Tim Showalter (Strand of Oaks) Talks Spoon’s They Want My Soul

Strand of Oaks’ Tim Showalter brews up a fine cup of French press and contemplates Spoon’s latest.

Excerpt from a “blog rant” (if I actually had a blog):

Emo Revival. That’s when I fucking gave up on everything (well, not really, but come the fuck on). I’m glad that 18-to-25-year-olds are making music in the midst of a life filled with torrents (still don’t know what the fuck they are) and Reddit (still don’t know what the fuck that is either). We need fresh blood, right? Whatever. I logged on to the net and heard a song that sounded like 14 generations of bad VHS dubbing of a Cap’n Jazz song. Cap’n Jazz fucking ruled, dude. Hell, Joy Division was already post-Warsaw when they started jamming. It’s inevitable that things change; kids are always looking for shiny new toys. We are always recreating, but please, kids, when you’re lying in your iCRIB at night reaching for your spinning mobile of indie Top Ten lists, do some goddamn research. Isn’t that what Reddit is for?

— Taken with editorial liberty from http://www.ThinkinbouttheWORLD.org. Copyright T.R. Showdog 8/4/2014.


Spoon is the most consistent band of the last 15 years. And by consistent, I mean perfect. I jumped on the train with Kill the Moonlight. With each new record, my world was expanded. How can a band maintain this level of focus for so long? How can songwriting with such a strong, instantly recognizable identity never get boring? I have no idea, but Spoon does it.

Every year I wonder if these Texas boys will have a new record. I also ask the same question about Sigur Rós, the National and Joanna Newsom, if you were wondering. I came to the realization this past year that all eras of music are classic. We have our own Rolling Stones, Kinks, Pink Floyds, Joni Mitchells and… well, maybe not our own Beatles. But, just to take one example, Gimme Fiction can stand face-to-face with any classic album out there.

Now, I’m in whatever position one has to be in to get a chance to write about a Spoon album. I’m super flattered that I’m allowed to do this. To be honest, though, I could’ve written this whole piece without listening to the album. Because it’s going to be good. There is no way that it couldn’t be.

I’m actually doing my writing in the morning. Spoon deserves my best, whatever that means. French press is just at the right temperature, as I actually just learned that we all brew coffee way too hot. I try to keep mine around 160 degrees… very creamy texture.

Jim Eno is one of my favorite drummers ever. I briefly met him in Austin after a show and just when my mouth started moving into a long drunken “thank you,” he walked away, luckily for the both of us. One second into opening track “Rent I Pay,” I feel everything is right with the world again. Then the whole kit is mixed 10,000 times louder than it should be. Thank God!

Am I supposed to go song for song on this? Nah. They’re all amazing. I am a fan of Spoon! Aren’t we all? Isn’t that comforting? They’re like the Johnny Carson of indie-rock. Everyone loves them, and it brings a sense of comfort to life. What’s even more awesome is that no cybernetic hype machine has forced us to love Spoon. (I was going to try to do some kind of Matrix analogy but honestly, I don’t remember that movie too well.) These days, I’m so nervous about being manipulated into liking albums. The modern machine makes me feel like I’m the dude in A Clockwork Orange getting institutionalized into what music I should like, eyes and ears forced open until I cave and accept that it’s cool or something. (Yup, Talkhouse… a Kubrick reference, y’all… high art shit.)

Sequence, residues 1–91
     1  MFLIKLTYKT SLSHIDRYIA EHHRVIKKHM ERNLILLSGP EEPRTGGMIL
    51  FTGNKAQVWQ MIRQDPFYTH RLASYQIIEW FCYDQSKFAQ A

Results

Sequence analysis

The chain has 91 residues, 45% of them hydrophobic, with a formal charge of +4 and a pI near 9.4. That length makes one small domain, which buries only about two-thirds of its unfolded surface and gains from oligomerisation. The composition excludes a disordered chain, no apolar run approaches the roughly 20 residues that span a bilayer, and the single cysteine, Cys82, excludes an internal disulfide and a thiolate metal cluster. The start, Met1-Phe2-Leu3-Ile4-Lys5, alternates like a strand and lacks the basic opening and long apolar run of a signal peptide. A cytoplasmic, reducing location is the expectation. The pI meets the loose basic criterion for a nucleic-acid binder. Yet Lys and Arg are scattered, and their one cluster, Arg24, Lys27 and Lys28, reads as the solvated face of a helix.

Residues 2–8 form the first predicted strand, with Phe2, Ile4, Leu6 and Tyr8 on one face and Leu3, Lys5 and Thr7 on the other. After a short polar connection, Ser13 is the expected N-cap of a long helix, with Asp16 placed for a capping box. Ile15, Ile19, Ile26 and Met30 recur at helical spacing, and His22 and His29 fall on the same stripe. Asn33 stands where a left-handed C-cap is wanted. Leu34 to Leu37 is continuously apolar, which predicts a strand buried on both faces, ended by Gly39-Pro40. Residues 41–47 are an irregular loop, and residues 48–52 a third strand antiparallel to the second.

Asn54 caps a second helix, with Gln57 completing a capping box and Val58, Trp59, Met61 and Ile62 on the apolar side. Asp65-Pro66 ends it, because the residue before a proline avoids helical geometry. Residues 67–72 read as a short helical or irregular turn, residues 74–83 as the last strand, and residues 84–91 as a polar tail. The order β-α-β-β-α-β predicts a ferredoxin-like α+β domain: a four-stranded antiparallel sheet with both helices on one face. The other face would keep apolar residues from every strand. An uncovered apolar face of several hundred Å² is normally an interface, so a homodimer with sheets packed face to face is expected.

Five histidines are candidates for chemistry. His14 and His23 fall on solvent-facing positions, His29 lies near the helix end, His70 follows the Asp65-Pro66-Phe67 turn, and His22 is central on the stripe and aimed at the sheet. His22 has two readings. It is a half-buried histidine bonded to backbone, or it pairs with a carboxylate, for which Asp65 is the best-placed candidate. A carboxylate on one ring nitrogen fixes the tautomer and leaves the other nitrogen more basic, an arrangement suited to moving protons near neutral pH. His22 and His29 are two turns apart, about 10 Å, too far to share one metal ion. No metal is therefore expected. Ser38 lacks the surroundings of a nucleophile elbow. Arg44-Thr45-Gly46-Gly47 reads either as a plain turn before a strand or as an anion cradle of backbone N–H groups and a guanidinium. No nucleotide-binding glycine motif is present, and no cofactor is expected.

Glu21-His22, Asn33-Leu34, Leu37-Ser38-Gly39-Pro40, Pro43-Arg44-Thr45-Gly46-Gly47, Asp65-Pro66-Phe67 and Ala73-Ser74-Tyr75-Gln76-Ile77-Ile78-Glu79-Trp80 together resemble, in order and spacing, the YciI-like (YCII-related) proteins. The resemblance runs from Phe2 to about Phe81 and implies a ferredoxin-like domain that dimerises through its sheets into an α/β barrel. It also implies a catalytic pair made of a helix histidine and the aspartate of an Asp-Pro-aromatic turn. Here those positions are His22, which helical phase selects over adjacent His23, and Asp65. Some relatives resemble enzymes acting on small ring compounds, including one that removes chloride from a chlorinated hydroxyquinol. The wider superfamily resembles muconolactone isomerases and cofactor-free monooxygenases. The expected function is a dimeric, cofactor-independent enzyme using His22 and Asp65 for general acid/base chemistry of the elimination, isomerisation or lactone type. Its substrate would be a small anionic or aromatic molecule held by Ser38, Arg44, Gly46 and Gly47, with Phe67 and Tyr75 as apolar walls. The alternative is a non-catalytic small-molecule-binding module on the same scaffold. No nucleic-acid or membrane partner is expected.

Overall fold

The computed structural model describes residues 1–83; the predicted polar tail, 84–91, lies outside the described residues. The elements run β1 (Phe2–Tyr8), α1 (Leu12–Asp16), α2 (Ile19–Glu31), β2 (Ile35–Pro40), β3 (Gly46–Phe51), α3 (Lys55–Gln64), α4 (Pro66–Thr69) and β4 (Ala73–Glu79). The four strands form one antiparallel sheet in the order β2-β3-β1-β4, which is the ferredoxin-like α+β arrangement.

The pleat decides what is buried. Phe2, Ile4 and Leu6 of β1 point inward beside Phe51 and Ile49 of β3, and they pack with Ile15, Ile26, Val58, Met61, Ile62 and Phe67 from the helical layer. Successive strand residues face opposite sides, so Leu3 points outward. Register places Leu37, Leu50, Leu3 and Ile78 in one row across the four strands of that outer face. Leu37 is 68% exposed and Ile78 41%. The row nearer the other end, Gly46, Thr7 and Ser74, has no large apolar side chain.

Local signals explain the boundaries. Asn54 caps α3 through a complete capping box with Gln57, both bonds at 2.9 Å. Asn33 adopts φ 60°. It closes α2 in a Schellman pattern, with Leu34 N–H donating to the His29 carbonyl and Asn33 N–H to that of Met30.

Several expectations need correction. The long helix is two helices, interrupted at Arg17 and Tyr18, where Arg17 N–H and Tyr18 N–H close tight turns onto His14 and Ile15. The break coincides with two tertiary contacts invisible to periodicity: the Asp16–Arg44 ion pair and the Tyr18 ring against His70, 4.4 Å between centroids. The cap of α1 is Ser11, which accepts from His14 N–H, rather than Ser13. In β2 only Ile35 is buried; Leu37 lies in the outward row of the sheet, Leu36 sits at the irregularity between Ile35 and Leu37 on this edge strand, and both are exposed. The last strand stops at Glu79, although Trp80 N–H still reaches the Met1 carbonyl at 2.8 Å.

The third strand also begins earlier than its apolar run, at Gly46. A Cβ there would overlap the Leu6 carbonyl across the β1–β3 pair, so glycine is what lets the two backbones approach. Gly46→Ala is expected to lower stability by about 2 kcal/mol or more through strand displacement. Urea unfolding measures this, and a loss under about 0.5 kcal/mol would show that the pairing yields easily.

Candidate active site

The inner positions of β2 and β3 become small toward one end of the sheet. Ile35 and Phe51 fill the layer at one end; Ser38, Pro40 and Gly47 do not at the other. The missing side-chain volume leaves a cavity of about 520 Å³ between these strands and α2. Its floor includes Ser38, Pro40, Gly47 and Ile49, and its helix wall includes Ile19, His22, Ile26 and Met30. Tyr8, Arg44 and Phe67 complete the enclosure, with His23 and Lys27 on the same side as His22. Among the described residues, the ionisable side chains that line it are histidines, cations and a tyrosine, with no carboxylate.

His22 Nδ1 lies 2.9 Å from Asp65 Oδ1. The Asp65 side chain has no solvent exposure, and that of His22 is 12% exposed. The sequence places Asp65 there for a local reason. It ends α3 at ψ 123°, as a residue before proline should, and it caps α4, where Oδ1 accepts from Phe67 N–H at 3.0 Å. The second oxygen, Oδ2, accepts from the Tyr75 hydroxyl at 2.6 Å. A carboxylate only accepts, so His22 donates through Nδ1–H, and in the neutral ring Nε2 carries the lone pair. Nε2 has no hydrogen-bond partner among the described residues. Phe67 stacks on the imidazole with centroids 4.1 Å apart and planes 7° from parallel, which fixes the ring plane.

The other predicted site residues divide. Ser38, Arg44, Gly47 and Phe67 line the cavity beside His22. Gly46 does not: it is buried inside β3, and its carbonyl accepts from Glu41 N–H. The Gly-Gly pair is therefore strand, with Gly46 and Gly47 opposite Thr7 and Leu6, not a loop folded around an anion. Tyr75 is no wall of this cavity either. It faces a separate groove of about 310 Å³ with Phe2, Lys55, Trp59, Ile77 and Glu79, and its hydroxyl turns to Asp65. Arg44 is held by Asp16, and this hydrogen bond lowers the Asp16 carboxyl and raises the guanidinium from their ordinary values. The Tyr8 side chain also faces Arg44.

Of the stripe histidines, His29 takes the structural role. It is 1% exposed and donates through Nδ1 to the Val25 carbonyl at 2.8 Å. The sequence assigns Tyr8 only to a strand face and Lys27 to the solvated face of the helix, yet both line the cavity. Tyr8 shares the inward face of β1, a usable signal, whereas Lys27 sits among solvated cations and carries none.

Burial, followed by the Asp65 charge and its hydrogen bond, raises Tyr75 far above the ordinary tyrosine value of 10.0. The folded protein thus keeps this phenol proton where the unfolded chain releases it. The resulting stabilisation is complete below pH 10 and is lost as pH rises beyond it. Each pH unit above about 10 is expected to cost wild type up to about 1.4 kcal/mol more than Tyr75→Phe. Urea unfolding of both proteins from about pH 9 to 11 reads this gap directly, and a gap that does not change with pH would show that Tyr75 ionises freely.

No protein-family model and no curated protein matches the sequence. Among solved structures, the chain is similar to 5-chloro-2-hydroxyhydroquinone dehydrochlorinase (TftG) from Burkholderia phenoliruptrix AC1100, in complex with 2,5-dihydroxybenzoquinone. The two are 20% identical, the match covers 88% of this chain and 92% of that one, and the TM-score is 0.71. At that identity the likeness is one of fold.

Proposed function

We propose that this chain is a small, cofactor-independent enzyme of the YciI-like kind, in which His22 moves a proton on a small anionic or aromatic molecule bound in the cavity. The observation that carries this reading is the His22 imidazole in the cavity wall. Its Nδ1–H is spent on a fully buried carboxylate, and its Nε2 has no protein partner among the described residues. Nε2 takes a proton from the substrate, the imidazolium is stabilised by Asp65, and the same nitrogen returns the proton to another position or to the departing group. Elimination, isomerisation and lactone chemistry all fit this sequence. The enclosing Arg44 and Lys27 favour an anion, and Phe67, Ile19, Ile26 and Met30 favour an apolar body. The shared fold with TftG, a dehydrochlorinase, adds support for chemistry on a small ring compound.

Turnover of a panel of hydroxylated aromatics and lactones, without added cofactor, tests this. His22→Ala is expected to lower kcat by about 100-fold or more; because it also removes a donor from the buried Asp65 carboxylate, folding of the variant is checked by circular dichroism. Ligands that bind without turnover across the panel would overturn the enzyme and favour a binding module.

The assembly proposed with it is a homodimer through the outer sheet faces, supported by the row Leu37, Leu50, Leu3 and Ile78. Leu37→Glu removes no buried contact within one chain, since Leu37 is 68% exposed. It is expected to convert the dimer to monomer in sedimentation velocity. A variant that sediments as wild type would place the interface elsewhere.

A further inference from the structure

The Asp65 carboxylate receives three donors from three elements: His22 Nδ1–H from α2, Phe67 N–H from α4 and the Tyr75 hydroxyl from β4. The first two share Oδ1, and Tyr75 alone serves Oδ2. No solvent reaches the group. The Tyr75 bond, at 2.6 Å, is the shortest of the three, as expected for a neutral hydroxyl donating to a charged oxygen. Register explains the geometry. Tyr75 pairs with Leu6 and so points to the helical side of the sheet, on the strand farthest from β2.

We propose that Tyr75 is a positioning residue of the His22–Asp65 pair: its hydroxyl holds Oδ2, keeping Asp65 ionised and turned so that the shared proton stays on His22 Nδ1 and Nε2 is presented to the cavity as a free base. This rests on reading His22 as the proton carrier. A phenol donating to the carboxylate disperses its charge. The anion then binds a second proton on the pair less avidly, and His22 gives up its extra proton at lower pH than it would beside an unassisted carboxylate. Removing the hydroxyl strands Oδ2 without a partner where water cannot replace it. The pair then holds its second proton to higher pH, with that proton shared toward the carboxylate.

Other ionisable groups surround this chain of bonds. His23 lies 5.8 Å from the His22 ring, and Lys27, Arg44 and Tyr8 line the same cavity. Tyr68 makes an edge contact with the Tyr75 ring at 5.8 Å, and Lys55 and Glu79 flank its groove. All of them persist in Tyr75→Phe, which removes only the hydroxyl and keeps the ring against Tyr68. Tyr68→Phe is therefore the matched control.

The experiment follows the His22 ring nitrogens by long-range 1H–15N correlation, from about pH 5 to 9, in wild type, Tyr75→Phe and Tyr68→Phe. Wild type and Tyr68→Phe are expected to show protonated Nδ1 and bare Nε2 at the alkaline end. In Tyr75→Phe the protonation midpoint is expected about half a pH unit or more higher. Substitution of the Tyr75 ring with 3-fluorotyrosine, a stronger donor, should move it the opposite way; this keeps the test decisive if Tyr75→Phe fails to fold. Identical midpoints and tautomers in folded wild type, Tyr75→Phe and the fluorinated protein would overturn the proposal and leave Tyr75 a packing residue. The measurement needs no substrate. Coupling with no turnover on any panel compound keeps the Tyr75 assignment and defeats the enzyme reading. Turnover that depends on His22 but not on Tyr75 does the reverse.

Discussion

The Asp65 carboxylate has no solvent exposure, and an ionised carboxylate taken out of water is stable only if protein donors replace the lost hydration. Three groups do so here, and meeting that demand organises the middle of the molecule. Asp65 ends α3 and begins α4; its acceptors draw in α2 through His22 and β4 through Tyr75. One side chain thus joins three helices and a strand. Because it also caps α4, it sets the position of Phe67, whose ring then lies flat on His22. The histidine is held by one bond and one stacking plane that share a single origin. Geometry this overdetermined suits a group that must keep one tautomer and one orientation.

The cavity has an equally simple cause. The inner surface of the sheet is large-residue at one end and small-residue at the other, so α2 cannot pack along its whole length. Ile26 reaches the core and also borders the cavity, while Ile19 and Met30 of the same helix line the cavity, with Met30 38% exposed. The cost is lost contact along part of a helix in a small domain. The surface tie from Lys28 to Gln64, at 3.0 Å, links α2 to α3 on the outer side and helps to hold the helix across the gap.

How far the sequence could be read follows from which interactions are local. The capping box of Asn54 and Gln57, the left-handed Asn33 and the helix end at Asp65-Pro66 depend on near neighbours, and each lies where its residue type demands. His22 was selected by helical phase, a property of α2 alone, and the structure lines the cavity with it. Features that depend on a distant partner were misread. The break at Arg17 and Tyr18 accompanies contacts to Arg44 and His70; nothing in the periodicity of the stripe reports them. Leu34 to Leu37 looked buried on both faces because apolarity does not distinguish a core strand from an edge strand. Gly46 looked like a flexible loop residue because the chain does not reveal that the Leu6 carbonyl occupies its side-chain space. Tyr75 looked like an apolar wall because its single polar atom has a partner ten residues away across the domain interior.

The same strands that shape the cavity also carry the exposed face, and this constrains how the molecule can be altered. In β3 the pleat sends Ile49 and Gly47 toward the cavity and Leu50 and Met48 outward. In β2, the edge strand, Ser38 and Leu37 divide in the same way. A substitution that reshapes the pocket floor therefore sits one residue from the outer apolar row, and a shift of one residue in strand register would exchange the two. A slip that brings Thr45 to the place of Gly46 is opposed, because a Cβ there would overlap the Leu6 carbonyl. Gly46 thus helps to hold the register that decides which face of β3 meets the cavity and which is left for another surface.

Like every other Spoon album, They Want My Soul is filled with songs that seem like they’ve lived in my head since the womb. Yet they haven’t. These are melodies so fucking fresh they feel like Ray Davies and John Lennon went on a camping trip with Harry Nilsson and brought some gear and minidiscs (retro reference). Effortless is a bullshit word but, my god, Britt Daniel seems to just ooze melodies. (And he’s tall too… what an asshole.) It feels like a completely new Spoon album, yet these songs could be interchanged with any other song they’ve written. They are instantly in the canon of familiarity. I’m only writing this piece on the third listen and it’s already there.

I kind of remember from school that good writing always cycles back to an original thought. (Thanks, Mrs. Cartwright. You were a shining light in the Goshen School System and I’m sorry for all the parentheses and cuss words.) So: back to the emo revival. I hope it sells electronic newspapers or whatever. I know it’s already passé and kids are really into the JNCO-laden rap-rock revival out of Bushwick. Frankly, I don’t care, and I hope that whoever makes that music and then shares it on Vice’s Facebook page gets a big kick out of it. Because there is no history to this music. I tried literally for hours the other day to remember that boy/girl duo who made really loud guitar soccer chants mixed with hip-hop beats. I still don’t remember the name. This music passes. Granted, it’s important for those who find it, because music can do that, but face it, you’re already on to something else.

Spoon is flying so high above all this bullshit that it inspires me to look up and picture Britt flying on some really cool vintage Gibson ES-335-shaped jet plane and giving us all the finger. Spoon’s music is forever, and I personally feel lucky to have come of age and witnessed such an amazing band evolve and continually grant us the privilege of hearing their albums. I’m excited to add They Want My Soul to that list.

Tim Showalter performs as Strand of Oaks. His new album HEAL is available now via Dead Oceans. You can follow him on Twitter and Facebook.